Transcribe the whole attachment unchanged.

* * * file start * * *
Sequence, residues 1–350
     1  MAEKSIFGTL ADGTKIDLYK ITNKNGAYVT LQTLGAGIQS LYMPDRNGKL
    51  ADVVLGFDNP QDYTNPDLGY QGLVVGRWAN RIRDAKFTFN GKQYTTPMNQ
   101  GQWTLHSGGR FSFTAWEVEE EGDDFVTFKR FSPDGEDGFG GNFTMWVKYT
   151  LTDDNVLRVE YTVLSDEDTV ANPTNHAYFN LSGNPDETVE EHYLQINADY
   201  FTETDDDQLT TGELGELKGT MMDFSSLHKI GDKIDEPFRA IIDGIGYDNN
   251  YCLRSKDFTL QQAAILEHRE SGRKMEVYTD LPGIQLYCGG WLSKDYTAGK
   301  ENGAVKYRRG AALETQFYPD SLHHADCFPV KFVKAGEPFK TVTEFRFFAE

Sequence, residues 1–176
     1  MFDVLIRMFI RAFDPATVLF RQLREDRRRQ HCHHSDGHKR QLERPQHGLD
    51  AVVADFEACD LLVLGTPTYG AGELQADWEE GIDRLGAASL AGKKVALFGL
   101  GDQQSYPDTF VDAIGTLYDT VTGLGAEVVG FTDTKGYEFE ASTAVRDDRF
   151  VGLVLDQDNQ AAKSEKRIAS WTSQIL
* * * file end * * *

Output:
Sequence, residues 1–350
     1  MAEKSIFGTL ADGTKIDLYK ITNKNGAYVT LQTLGAGIQS LYMPDRNGKL
    51  ADVVLGFDNP QDYTNPDLGY QGLVVGRWAN RIRDAKFTFN GKQYTTPMNQ
   101  GQWTLHSGGR FSFTAWEVEE EGDDFVTFKR FSPDGEDGFG GNFTMWVKYT
   151  LTDDNVLRVE YTVLSDEDTV ANPTNHAYFN LSGNPDETVE EHYLQINADY
   201  FTETDDDQLT TGELGELKGT MMDFSSLHKI GDKIDEPFRA IIDGIGYDNN
   251  YCLRSKDFTL QQAAILEHRE SGRKMEVYTD LPGIQLYCGG WLSKDYTAGK
   301  ENGAVKYRRG AALETQFYPD SLHHADCFPV KFVKAGEPFK TVTEFRFFAE

Sequence, residues 1–176
     1  MFDVLIRMFI RAFDPATVLF RQLREDRRRQ HCHHSDGHKR QLERPQHGLD
    51  AVVADFEACD LLVLGTPTYG AGELQADWEE GIDRLGAASL AGKKVALFGL
   101  GDQQSYPDTF VDAIGTLYDT VTGLGAEVVG FTDTKGYEFE ASTAVRDDRF
   151  VGLVLDQDNQ AAKSEKRIAS WTSQIL